If I can give you any tips on how to make the most out of Britmums, how to relax and enjoy yourself, it would be:

Wear what you would normally wear for coffee with a friend, be comfortable and feel comfortable.
Don't automatically follow someone on twitter just because you've just met them.
Don't be afraid to unfollow someone when you have met them.
Don't worry about sitting on your own or joining another person who is also sitting on their own.
Don't be afraid to get up and walk away from a group or an individual if it's not 'your thing' say you need the loo, just be polite.

Remember most people in the room are probably feeling the same way as you are, nervous and apprehensive. The online world isn't the real world, you sit at home, go out with your friends for coffee, play dates with the kids, work and when the weekend comes you socialise with 'real' people and tweet and blog about your experiences and share with an online world, that you don't actually live in. 

I'll leave you with my most awkward Britmums moment.......On the Friday night, I sat down for dinner with a group of people I'd never met before and the woman on my right said 'Why did you block me on twitter?'

Tuesday, 17 June 2014

My top 7 tips on how to get the cheapest flight

I once entered a travel agents in Swindon as they had flights to Luxor 'from £99'. I asked the travel agent to book me that flight, they asked when I wanted to go, I replied 'when the £99 flight is' it apparently wasn't as simple as that, it depended on the departure point and date and time I wanted to fly. Having repeated several times I wanted the £99 flight and I didn't mind what time/date/location, I left emptied handed and never got the £99 deal.

My next trip to the UK will be for Christmas. I've started looking for flights now. I found a flight for R10,098.00 December 17th to January 4th to Birmingham but with a 24 hour stop over. I change the destination to Manchester, change the date to return a day later and I find a flight for R9520 with only a 2 hour stop over. It takes some time but it's worth it to set aside a day or 2 to get not only the best price, but the best route and stop over.

A direct flight will cost me R14,851 and I have the inconvenience and cost of getting to and from Heathrow.

My top 7 tips for finding a cheap flight
  • I can tell you to avoid peak times such as Christmas and school holidays but you're not stupid, you've probably worked that one out by now.

  • I can tell you to be flexible with your dates, routes, time etc, etc, etc, but you've probably worked that one out also.

  • I can tell you to search for deals with budget airlines you think I'm patronising you.

  • Google 'cheapest flights from (insert departure) to (insert arrival)' then enter a variety of dates, times and routes and probably spend the best part of a day doing this.

  • Change your arrival airport if possible....for example it's cheaper to fly into Birmingham or Manchester than it is into the London airports.

  • Look for flights where you have a stop is cheaper to fly with a stop over than direct to the UK from South Africa.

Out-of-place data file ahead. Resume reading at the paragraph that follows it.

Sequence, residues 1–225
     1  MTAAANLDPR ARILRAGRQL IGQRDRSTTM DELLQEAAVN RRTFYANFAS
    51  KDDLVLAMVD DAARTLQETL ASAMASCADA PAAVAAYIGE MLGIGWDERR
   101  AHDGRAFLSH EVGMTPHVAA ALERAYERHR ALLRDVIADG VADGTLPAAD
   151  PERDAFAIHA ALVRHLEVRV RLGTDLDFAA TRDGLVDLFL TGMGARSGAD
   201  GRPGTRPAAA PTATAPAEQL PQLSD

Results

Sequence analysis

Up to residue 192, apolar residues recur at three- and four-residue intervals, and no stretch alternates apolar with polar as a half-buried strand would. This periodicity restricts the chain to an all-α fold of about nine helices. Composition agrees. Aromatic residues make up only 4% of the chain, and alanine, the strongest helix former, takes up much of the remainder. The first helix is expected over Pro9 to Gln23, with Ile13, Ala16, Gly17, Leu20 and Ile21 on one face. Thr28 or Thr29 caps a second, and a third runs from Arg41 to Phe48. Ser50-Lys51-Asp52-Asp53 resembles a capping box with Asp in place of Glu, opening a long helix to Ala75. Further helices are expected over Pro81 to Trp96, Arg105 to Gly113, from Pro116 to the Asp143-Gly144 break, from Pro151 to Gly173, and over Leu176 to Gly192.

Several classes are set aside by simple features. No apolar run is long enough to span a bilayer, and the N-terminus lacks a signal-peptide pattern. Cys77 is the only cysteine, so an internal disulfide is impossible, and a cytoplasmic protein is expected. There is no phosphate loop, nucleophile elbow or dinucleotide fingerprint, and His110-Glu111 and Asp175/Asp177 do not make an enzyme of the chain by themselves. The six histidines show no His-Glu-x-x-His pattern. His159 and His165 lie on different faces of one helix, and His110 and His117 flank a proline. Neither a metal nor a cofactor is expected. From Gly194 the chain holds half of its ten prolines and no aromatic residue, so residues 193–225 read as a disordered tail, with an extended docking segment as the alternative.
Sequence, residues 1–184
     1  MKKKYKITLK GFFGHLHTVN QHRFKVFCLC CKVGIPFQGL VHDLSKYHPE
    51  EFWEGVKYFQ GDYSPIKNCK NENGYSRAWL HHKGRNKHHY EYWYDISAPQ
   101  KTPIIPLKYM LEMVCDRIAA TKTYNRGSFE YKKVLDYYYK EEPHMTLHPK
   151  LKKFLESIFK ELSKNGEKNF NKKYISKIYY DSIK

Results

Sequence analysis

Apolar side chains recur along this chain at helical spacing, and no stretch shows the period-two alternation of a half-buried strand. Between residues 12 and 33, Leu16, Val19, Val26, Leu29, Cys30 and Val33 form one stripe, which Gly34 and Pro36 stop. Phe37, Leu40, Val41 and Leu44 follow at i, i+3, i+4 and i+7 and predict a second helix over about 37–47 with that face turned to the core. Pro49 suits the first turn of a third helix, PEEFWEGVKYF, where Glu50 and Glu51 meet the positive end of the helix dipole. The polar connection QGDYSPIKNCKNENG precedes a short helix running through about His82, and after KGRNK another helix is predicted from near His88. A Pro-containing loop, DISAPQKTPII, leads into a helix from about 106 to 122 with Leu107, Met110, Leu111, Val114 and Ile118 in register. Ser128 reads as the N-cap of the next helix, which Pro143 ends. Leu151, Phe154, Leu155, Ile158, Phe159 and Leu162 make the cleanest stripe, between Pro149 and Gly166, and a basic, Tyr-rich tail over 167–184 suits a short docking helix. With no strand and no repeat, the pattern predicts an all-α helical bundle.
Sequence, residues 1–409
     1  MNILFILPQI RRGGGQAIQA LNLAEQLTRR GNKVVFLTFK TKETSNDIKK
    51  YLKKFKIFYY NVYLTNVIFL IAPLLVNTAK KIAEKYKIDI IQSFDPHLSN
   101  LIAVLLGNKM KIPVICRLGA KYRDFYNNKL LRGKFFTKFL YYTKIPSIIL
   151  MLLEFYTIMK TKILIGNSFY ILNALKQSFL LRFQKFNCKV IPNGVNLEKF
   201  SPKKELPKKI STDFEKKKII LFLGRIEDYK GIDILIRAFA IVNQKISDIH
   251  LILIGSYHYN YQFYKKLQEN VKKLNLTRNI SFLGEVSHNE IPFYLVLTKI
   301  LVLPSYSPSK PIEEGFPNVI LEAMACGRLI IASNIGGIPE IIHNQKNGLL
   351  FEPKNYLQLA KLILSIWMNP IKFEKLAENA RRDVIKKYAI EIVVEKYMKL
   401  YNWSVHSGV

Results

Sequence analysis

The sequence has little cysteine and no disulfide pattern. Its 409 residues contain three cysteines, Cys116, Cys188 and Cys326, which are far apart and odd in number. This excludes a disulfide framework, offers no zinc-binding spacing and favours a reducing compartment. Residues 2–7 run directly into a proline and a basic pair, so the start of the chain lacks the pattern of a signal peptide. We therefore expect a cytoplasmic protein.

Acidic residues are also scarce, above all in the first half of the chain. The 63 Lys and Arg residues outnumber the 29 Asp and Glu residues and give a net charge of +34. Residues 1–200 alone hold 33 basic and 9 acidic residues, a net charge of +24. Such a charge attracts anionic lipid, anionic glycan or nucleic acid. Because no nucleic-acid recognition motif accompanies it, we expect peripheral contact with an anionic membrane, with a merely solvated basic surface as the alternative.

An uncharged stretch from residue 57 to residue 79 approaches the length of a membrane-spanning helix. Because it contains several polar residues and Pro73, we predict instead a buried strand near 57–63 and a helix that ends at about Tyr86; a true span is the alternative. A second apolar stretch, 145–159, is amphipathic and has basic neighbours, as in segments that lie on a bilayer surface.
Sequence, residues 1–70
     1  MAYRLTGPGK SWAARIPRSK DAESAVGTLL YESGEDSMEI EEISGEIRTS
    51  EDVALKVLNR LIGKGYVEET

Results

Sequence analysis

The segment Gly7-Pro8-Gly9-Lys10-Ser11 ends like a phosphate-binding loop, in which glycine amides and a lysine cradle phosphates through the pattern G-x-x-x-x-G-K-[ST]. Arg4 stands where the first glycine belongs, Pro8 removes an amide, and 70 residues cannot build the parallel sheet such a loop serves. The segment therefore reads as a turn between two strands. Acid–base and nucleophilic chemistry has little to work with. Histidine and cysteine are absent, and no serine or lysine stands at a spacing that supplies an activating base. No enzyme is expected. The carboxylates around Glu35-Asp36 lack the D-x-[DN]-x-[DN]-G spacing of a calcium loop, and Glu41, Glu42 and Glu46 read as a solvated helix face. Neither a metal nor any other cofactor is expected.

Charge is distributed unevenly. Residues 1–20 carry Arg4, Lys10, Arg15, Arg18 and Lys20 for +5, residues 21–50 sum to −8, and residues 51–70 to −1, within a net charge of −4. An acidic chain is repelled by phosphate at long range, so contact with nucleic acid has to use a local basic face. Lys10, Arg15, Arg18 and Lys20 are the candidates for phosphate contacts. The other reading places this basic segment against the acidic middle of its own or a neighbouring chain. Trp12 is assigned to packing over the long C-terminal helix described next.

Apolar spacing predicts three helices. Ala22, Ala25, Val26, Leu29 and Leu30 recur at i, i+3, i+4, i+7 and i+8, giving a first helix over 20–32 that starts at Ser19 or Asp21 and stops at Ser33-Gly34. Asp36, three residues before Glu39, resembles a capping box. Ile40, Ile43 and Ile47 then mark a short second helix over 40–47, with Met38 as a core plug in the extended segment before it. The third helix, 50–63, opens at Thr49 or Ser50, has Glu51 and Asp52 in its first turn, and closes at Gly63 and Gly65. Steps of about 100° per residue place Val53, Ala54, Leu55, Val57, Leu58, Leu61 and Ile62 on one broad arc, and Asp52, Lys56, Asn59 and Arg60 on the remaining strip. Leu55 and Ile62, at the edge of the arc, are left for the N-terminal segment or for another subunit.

• Don't be fooled by the initial price you see....all prices should state whether this includes taxes or not, but please remember that some search/booking sites show you the price for each leg of the journey.

Thursday, 12 June 2014

Where can I walk my dog in Pretoria?

There aren't many places you can go with your dog in South Africa. A lot of open spaces contain wildlife of some description and the rules can change from one week to the next. I've found several places I can walk Bob on a lead, including the golf course that with live on, but there are few places where I can let him off the lead to run free.

Our favourite place is Magalies Sleepy River, we've been there for day trips and camping, but it's an hours drive away and I need somewhere local for daily walks.

I love taking Bob to Irene to Jan Smuts House which is a 5 minute drive from our house. Entrance is R5 to park, there are toilets and lovely tea gardens. There is also a museum that charges R10 for entrance, but you can't take your dog in there and the 2nd and 4th Saturday of the month there is a market (dogs welcome)

You have to remember and you are warned about the dangers of walking on your own and there have been a few incidents in the past, but there have also been incidents inside the security estate that we live in. 

There are places on the walk where you are requested to put your dog back on the lead, but they are clearly signposted. Walk as far or as for as long as you like and I always stop for a pot of tea and give Bob some water before we leave.

I'd love to hear from you if you know of other local places where a dog can run off the lead in safety.

Wednesday, 11 June 2014

Macaroon and Tracy Paul

I attend the Tracy Paul Macaroon Launch in Greenside this morning and I was very impressed with the range of stationery they had on offer. The Tracy Paul merchandise caught my immediate attention with a giraffe wearing a snorkel.

As an expat I'm expected to bring back African related gifts for birthday and christmas and after 4 years I think I've exhausted the market and TBH on my last trip to the UK in April I found more 'Safari' animal related goods there than I do over here. So it was really nice to see something new.

I had a chance to talk with Tracy (centre of photograph) and she told me she's been interested in art since the age of 4 and her favourite thing to draw are giraffes and anything wearing a tutu, this appeals to me greatly.

With cakes, coffee and champagne on offer and familiar faces I would have like to have stayed longer, but hubbies plane landed half an hour early so I had to leave.

I'm not often in the Johannesburg area, but next time I am, I will call back in.